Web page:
(19) I envy those who have not yet read The Iliad, if such there are.
(20) To be sure, envy reactions to any patient are significant, whether they simply distort the therapist's perception or contribute to a deeper understanding of the patient.
(n.) Ill-will or hatred toward another, accompanied with the disposition to irritate, annoy, or thwart; petty malice; grudge; rancor; despite.
(n.) Vexation; chargrin; mortification.
(v. t.) To be angry at; to hate.
(v. t.) To treat maliciously; to try to injure or thwart.
(v. t.) To fill with spite; to offend; to vex.
(1) In spite of dense lymphocytic infiltration only 3% of the tumor infiltrating lymphocytes exhibit the activation marker CD 25.
(2) When labelled long-chain fatty acids or glycerol were infused into the lactating goat, there was extensive transfer of radioactivity into milk in spite of the absence of net uptake of substrate by the mammary gland.
(3) In spite of important differences in size, chemical composition, polymer density, and configuration, biological macromolecules indeed manifest some of the essential physical-chemical properties of gels.
(4) Mastitis in its complexity has managed to forestall all efforts of eradication in spite of years of research, antibiotics and practical control measures.
(5) In spite of antimalaria treatment, with cortisone and then with immuno-depressants, the outcome was fatal with a picture of acute reticulosis and neurological disorders.
(6) In spite of the presence of scar tissue following rhytidectomy, this procedure has been quite successful because of the rich blood supply in that area.
(7) By the GN of non-streptococcal etiology, AA's to the BLSE apparently of other specificity are obtained in some cases, in spite of the absence of antibodies to A-PS.
(8) In spite of the formation of the epoxide intermediate, no binding of [14C]d-limonene equivalents to mouse kidney proteins was observed.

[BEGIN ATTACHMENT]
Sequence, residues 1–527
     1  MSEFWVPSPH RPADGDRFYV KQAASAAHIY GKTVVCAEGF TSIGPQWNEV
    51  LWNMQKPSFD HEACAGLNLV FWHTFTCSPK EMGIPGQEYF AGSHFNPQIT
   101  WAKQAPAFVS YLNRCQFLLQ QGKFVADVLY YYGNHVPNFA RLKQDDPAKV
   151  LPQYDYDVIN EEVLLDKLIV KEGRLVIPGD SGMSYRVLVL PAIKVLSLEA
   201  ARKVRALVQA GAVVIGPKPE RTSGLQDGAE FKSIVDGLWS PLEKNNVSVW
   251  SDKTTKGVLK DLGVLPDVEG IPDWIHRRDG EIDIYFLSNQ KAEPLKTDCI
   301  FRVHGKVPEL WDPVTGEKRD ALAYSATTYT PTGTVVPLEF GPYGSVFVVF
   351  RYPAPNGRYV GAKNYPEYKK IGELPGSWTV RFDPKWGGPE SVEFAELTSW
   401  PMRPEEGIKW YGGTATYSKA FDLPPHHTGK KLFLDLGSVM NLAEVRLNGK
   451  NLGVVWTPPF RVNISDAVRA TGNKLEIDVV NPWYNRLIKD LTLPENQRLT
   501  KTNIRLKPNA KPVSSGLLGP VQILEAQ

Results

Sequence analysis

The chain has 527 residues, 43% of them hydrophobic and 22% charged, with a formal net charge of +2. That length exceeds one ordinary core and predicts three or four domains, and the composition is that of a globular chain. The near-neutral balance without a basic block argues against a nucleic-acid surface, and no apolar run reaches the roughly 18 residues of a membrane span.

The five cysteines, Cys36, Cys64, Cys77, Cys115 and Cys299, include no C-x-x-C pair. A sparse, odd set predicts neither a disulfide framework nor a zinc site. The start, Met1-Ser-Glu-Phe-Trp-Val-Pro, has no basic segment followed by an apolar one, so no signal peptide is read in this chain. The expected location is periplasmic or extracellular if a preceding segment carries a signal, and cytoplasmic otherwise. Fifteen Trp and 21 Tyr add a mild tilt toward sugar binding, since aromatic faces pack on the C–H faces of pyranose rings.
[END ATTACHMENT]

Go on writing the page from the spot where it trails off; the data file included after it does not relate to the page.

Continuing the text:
(9) No cases of rheumatic fever and no acute nephritis appeared in spite of the vigorous immune response to both cellular and extracellular antigens of group A streptococci documented in 50% to 80% of patients, suggesting that strain variation may be a feature of rheumatogenicity as well as nephritogenicity of group A streptococcal pharyngitis.
(10) Clinical and inflammatory activity improved in both groups, but consistently more so in the auranofin group, in spite of the greater consumption of local steroids and NSAIDs in the placebo group.
(11) The reported case of fetal infection in spite of previous rubella vaccination of the mother does not discourage the use of rubella vaccine.
(12) Although operative mortality was significantly greater for women during most of this review period, mortality was similar during 1983 (2.6% for men versus 2.4% for women), in spite of a significantly higher incidence of unstable angina in the female group (54% for women versus 35% for men).
(13) The shapes of the curves for soleus and tibialis anterior are similar in spite of the different mechanical conditions of the two muscles.
(14) In spite of the limitations arising from the complex geometry of the right ventricule, echocardiography may be the most important non-invasive technique in the evaluation of the structural and functional repercussion of hypertension on the right ventricle.
(15) Thus, in spite of its excellent activity and unquestionable effectiveness, rifampicin should be used with caution in severe staphylococcal infections.
(16) My son was born healthy, strong and very handsome, in spite of his dangerous start.
(17) The great clinical value of the procedure is shown by the following findings:X-ray-negative lesions--including 2 cases of carcinoma--were found in 35 percent of the cases, radiologically demonstrated lesions could be defined more precisely in 18 percent, and the presence of colonic lesions could be ruled out in 11 percent in spite of equivocal X-ray findings.
(18) In spite of low fluoride content in their water supply, the findings revealed a generally low prevalence of caries experience (DMFT 1.26).
(19) In anesthetized cats, the enhancement of sympathetic activity and increase of the blood pressure in exclusion of afferents (section of vagosympathetic trunks and clamping of common carotid arteries) as well as the disappearance of the activity in enhanced afferentation, were shown to be transient and to disappear within a few minutes-scores of minutes in spite of the going on deafferentation or enhancement of afferentation.
(20) By modifying the spatial distribution of afferents to the network, we demonstrate that the same basic model functions properly in spite of afferents with nonuniform background firing rates.